running-standard script
Tang dynasty (618-907)
(Image from Jiangsu Sheng mei shu guan, ed., Liu chao yi shu.)

Japan9

Text from the Shinkokin wakashu, calligraphy by Hon’ami Koetsu
Momoyama period (1573-1603)
(Image from) Boudonnant and Kushizaki, Traces of the Brush: The Art of Japanese Calligraphy

china14a Zhao Ji 赵佶 (Song Emperor Huizong), Thousand-Character Essay千字文
standard script
North Song dynasty (960-1127)
(Image from Ouyang and Wang, Chinese Calligraphy.)
china14b Zhao Mengfu赵孟頫, Thousand-Character Essay in Six Types of Script 六体千字文
from right to left: great-seal, small-seal, clerical, draft cursive, standard, and cursive
Yuan dynasty (1271-1368)
(Image from Ouyang and Wang, Chinese Calligraphy.)
china14c
Yu He 俞和, Thousand-Character Essay千字文
from right to left: seal, clerical
Yuan dynasty (1271-1368)
(Image from Gu gong bo wu yuan (China), Yang, Yang and Shan, Gu gong wen wu da dian.)
china14d Zhang Bi 张弼,Thousand-Character Essay千字文
cursive script
Ming dynasty (1368-1644)
(Image from Gu gong bo wu yuan (China), Yang, Yang and Shan, Gu gong wen wu da dian.)
china14e
Shen Can 沈粲, Thousand-Character Essay千字文
cursive script
Ming dynasty (1368-1644)
(Image from Zhongguo mei shu quan ji bian ji wei yuan hui, Zhongguo mei shu quan ji.)

china14f

 


Xu Shuang 徐霜,Thousand-Character Essay千字文
clerical script
Ming dynasty (1368-1644)
(Image from Zhongguo mei shu quan ji bian ji wei yuan hui, Zhongguo mei shu quan ji.)

Japan8

Visit to the Ise Shrine, Illustrations of the Tales of Ise

ink and color on painted poem sheet.
Edo period (1603-1868)
(Image from Shimizu, Masters of Japanese Calligraphy, 8th-19th century.)

Japan4

Section of the Lotus Sutra
Handscroll mounted as a hanging scroll, ink on paper.
Heian period (794-1185)
(Image from Murase, The Written Image: Japanese Calligraphy and Painting from the Sylvia Barnet and William Burto Collection.)

Japan7

Section of a handscroll

ink and light colors on paper.
Muromachi period (1333-1568)
(Image from Murase, The Written Image: Japanese Calligraphy and Painting from the Sylvia Barnet and William Burto collection.)

Japan6

Section of the Lotus Sutra
calligraphy on fan shaped leaves linked together in sections, ink, gold and silver on paper.
Heian period (794-1185)
(Image from) Murasaki, Le dit du Genji

china18

Zhao Ji 赵佶 (Song Emperor Huizong), Round Fan with a Couplet in Cursive Script 草书团扇
North Song dynasty (960-1127)
(Image from Ouyang and Wang, Chinese Calligraphy.)

china19

Wu Cheng’en吴承恩, poem on a folding fun 七言律诗
running script
Ming dynasty (1368-1644)
(Image from Zhongguo mei shu quan ji bian ji wei yuan hui, Zhongguo mei shu quan ji.)

china16

Ni Zan倪赞, Poem on a Painting of Pine Trees幽涧寒松图
standard script
Yuan dynasty (1271-1368)
(Image from Gu gong bo wu yuan (China), Yang, Yang and Shan, Gu gong wen wu da dian.)

china15

Wang Mian王冕, Poem for Dark Plum Flowers墨梅图题诗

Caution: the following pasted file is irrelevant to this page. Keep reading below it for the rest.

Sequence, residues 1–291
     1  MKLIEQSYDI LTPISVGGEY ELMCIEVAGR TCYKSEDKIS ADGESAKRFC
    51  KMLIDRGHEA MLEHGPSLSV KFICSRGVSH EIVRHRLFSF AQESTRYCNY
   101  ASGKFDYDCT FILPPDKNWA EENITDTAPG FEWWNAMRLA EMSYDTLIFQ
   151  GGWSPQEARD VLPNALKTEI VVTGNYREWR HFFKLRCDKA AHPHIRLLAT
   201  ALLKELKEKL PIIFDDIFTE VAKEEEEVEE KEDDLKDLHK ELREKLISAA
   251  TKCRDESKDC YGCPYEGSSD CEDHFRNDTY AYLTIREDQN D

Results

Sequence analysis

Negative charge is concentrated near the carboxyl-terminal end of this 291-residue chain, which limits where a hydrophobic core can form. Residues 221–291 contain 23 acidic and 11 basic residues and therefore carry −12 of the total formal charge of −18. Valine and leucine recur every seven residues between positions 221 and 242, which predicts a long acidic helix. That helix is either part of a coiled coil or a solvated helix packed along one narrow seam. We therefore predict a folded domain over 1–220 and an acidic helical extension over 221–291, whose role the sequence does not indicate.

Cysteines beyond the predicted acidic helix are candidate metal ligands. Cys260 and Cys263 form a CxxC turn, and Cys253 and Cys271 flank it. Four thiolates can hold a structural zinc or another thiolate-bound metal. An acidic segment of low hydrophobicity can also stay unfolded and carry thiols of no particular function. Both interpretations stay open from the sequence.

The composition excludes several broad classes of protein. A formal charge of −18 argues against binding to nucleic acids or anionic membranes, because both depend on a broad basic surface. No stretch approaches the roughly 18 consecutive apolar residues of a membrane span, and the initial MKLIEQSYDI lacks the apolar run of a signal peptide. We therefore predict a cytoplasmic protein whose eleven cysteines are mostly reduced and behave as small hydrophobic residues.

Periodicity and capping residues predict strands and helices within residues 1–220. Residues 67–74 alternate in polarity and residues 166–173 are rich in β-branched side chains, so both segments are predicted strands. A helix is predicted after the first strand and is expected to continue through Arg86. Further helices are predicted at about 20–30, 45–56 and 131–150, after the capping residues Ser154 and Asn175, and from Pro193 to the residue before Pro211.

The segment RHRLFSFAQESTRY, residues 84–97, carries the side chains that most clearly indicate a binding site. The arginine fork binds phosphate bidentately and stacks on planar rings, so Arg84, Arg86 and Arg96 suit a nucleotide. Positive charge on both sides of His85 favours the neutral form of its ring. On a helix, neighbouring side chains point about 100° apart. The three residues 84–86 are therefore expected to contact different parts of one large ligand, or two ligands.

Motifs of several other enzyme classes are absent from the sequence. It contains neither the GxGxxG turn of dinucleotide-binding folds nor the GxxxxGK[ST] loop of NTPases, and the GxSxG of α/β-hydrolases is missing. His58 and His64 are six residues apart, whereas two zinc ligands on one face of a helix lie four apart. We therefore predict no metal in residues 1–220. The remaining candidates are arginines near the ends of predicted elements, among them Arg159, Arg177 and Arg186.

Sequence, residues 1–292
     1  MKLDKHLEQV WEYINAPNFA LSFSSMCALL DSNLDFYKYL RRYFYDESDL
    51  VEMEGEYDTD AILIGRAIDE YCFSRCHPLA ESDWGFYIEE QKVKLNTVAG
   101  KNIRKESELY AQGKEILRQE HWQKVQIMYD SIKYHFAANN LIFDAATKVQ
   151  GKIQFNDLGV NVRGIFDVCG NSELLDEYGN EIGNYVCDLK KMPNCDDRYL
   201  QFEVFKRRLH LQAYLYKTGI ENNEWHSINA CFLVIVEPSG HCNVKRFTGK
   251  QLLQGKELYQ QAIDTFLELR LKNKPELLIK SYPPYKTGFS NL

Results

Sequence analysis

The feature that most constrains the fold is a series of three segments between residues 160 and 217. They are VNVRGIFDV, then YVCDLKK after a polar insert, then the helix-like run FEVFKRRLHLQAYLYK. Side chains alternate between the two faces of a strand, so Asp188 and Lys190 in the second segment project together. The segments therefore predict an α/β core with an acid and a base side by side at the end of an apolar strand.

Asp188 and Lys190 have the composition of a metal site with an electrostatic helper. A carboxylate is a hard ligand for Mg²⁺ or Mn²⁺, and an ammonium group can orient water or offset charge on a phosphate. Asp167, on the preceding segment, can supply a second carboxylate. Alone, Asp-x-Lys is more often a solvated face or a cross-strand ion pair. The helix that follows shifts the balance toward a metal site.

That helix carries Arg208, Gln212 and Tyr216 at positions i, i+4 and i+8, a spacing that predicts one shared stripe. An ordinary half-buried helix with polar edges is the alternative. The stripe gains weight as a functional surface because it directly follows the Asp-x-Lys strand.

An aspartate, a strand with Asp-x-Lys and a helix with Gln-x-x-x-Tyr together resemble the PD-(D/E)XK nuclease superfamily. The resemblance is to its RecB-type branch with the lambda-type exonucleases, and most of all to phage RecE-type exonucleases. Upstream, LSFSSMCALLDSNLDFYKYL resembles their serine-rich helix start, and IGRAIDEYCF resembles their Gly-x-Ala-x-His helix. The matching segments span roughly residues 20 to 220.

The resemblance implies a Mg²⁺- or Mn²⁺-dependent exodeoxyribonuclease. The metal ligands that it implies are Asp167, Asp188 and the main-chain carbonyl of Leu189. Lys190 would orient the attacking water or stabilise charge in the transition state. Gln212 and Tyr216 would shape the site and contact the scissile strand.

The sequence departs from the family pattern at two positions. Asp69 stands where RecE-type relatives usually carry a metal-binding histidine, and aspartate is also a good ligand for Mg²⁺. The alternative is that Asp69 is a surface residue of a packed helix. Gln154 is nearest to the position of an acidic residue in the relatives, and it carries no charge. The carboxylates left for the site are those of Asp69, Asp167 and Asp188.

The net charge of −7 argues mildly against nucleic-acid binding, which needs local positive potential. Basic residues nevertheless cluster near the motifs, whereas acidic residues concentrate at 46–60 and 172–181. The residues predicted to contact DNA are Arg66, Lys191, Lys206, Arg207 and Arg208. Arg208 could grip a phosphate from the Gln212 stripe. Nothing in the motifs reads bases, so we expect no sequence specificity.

standard script
Yuan dynasty (1271-1368)
(Image from Gu gong bo wu yuan (China), Yang, Yang and Shan, Gu gong wen wu da dian.)

Japan11

Seven Imperial poems

ink on paper, decorated with colored dyes.
Late Muromachi, Early Edo period (15th-17th centuries).
(Image from Hirabayashi, Twelve Centuries of Japanese Art from the Imperial Collections.)

Japan10

Daruma

hanging scroll, ink on paper.
Edo period (1603-1868)
(Image from) Murase, The Written Image: Japanese Calligraphy and Painting from the Sylvia Barnet and William Burto Collection.

china17

Jin Nong 金农, Colophon for Painting of the Buddha beneath the Tree 龙巢树下佛像题记 clerical script
Qing dynasty (1644-1911)
(Image from Ouyang and Wang, Chinese Calligraphy.)

Wandering in the World of Chinese Characters
through Spring 2012

 

References to Chinese images

 

Beijing tu shu guan Jin shi zu 北京图书馆金石组, ed. Beijing tu shu guan cang zhongguo li dai shi ke ta ben hui bian 北京图书馆藏中国历代石刻拓本汇编. Zhengzhou Shi: Zhongzhou gu ji chu ban she: Zhong hua shu ju du zhe fu wu bu fa xing, 1989.


Chen, Songchang 陈松长, ed. Mawangdui bo shu yi shu 马王堆帛书艺术. Shanghai: Shanghai shu dian, 1996.


Gu gong bo wu yuan (China) 故宫博物院, Boda Yang杨伯达, Xin Yang杨新, and Guoqiang Shan单国强, ed. Gu gong wen wu da dian 故宫文物大典. Fuzhou: Fujian ren min chu ban she, 1994.


Jiangsu Sheng mei shu guan 江苏省美术馆, ed. Liu chao yi shu 六朝艺术. Nanjing: Jiangsu mei shu chu ban she, 1996.


Jingmen Shi bo wu guan 荊门市博物馆, ed. Guodian chu mu zhu jian 郭店楚墓竹简. Beijing: Wen wu chu ban she, 1998.


Ouyang, Zhongshi and Youfen Wang. Chinese calligraphy. New Haven; Beijing: Yale University Press; Foreign Languages Press, 2008.


Zhang, Han 张颔, Zhenggang Tao陶正刚, Shouzhong Zhang张守中, and Shanxi Sheng wen wu gong zuo wei yuan hui 山西省文物工作委员会, ed. Houma meng shu 侯马盟书. Taiyuan: Shanxi gu ji chu ban she, 2006.


Zhongguo mei shu quan ji bian ji wei yuan hui 中国美术全集编辑委员会, ed. Zhongguo mei shu quan ji 中国美术全集. Beijing: Ren min mei shu chu ban she, 2006.


Zhongguo qing tong qi juan ji bian ji wei yuan hui 中国青铜器全集编辑委员会, ed. Zhongguo qing tong qi quan ji 中国青铜器全集. Beijing: Wen wu chu ban she, 1900.


Zhongguo she hui ke xue yuan. Kao gu yan jiu suo 中国社会科学院考古研究所, ed. Yin zhou jin wen ji cheng 殷周金文集成. Peking: Zhong hua shu ju ying yin, 1984.


Zhongguo she hui ke xue yuan. Li shi yan jiu suo 中国社会科学院历史研究所 and Moruo Guo郭沫若, ed. Jia gu wen he ji 甲骨文合集. Shanghai 上海: Zhonghua shu ju 中华书局, 1978-1983.

 

References to Japanese images

 

Boudonnat, Louise and Kushizaki, Harumi . Traces of the brush: The art of Japanese calligraphy. San Francisco: Chronicle, 2003.


Hirabayashi, Moritoku. Twelve centuries of Japanese art from the Imperial Collections. Washington, DC: Freer Gallery of Art and the Arthur M. Sackler Gallery, Smithsonian Institution Press, 1997.


Hempel, Rose. The golden age of Japan, 794-1192. New York: Rizzoli, 1983.


Kameda, Tsutomu. E ingakyō. Tōkyō: Kadokawa Shoten, 1969.


Murasaki Shikibu. Le dit du Genji. Contes et dits du Moyen Age. [Paris]: Publications orientalistes de France, 1978.


Murase, Miyeko. The written image: Japanese calligraphy and painting from the Sylvan Barnet and William Burto Collection. New York: Metropolitan Museum of Art, 2002.


Shimizu, Yoshiaki. Masters of Japanese calligraphy: 8th-19th Century. New York: Asia Society Galleries, 1984.


Smith, Bradley. Japan: a history in art. New York: Simon and Schuster, 1964.